Persistent depression may double the risk of stroke in adults over 50 — and stroke risk remains higher even after symptoms of depression go away, according to research in the Journal of the American Heart Association (AHA).
“Our findings suggest that depression may increase stroke risk over the long term,” said Paola Gilsanz, Sc.D., study lead author and Yerby Postdoctoral Research Fellow at Harvard University’s T.H. Chan School of Public Health in Boston, Mass.
Researchers used data from 16,178 participants (ages 50 and older) who had been interviewed as part of the Health and Retirement Study about depressive symptoms, history of stroke, and stroke risk factors every two years in 1998-2010.
The study documented 1,192 strokes over 12 years. Compared to people without depression at either interview:
- People with high depressive symptoms at two consecutive interviews were more than twice as likely to have a first stroke.
- People who had depressive symptoms at the first interview but not the second had a 66 percent higher stroke risk.
Researchers did not evaluate whether depressive symptoms diminished because of treatment or for other reasons; but findings suggest that treatment, even if effective for depression, may not have immediate benefits for stroke risk. Researchers also suggest that diminished depression may have a stronger effect on women than men. However, recent onset of depression was not associated with higher stroke risk.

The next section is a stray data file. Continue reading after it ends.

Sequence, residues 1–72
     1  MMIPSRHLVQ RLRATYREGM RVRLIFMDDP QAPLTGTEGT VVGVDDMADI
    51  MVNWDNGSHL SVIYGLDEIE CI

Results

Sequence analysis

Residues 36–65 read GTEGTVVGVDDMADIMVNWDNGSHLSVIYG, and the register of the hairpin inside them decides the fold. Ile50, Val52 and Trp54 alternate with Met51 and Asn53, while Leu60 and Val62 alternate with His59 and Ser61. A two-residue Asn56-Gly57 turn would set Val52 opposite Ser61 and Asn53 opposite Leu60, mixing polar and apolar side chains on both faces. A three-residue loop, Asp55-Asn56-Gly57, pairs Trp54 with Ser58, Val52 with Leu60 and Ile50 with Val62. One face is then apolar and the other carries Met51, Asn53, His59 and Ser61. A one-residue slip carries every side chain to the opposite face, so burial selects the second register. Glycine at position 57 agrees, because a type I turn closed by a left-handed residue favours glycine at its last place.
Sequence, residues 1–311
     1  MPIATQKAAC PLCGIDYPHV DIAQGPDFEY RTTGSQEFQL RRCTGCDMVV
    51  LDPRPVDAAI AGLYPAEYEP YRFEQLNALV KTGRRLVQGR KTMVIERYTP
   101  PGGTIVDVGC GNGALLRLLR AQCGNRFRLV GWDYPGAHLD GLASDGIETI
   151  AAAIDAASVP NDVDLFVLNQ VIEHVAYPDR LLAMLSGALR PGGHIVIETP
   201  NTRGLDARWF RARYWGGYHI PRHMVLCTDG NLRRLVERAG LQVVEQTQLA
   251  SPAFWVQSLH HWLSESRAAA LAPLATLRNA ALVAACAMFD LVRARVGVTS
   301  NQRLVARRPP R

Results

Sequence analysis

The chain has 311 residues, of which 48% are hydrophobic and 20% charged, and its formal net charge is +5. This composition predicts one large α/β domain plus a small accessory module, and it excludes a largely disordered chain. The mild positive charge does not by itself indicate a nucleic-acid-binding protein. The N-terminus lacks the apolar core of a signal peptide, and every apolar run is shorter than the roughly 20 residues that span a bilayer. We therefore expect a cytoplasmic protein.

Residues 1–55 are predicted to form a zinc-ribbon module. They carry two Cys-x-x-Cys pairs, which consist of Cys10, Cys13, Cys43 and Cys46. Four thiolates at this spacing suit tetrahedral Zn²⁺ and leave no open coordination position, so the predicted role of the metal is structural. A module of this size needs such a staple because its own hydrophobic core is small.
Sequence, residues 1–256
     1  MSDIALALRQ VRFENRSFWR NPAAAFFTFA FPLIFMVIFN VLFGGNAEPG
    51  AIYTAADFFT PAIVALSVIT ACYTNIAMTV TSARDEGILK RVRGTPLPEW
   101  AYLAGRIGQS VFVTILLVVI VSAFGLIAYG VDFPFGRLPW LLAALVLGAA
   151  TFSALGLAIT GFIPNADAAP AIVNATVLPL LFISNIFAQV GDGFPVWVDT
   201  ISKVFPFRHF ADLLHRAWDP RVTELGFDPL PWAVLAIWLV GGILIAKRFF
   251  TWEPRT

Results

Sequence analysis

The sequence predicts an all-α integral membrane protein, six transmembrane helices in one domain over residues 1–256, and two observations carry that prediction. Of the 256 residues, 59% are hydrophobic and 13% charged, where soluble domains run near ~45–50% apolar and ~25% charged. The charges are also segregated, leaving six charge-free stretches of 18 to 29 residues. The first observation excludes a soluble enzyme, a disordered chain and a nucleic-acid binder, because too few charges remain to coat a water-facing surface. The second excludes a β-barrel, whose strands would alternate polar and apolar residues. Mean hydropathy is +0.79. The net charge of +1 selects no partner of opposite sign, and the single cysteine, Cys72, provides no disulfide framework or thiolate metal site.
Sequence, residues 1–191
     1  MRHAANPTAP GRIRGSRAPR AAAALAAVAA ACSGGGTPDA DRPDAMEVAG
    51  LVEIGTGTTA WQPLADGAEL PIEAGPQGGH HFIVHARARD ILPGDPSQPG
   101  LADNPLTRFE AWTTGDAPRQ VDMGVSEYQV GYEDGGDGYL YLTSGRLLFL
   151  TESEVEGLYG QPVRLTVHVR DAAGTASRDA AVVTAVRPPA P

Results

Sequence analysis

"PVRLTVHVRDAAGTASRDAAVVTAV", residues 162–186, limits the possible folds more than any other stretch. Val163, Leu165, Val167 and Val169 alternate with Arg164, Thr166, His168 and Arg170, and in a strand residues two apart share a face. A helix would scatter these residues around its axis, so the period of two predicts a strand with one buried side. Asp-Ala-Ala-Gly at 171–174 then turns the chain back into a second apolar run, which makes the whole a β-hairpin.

“Looking at how changes in depressive symptoms over time may be associated with strokes allowed us to see if the risk of stroke increases after elevated depressive symptoms start or if risk goes away when depressive symptoms do,” Gilsanz said. “We were surprised that changes in depressive symptoms seem to take more than two years to protect against or elevate stroke risk.”
Previous research has shown that depression is associated with an increased risk of high blood pressure, abnormalities of the autonomic nervous system and increased inflammatory responses. Depression might trigger underlying vascular problems, including infection or atrial fibrillation, and depressed people are also more likely to smoke and be less physically active.
“Although we now know that depression strongly predicts stroke on par with many other major stroke risk factors, we still need research to understand exactly why this link occurs and whether we can potentially reduce stroke risk by treating depression,” said Maria Glymour, Sc.D., study senior author and an associate professor of epidemiology and biostatistics at the University of California, San Francisco School of Medicine.
Other co-authors are Stefan Walter, Ph.D.; Eric Tchetgen Tchetgen, Ph.D.; Kristen K. Patton, M.D.; J. Robin Moon, D.P.H.; Benjamin Capistrant, Sc.D.; Jessica Marden, M.P.H.; Laura Kubzansky, Ph.D.; and Ichiro Kawachi, M.D., Ph.D.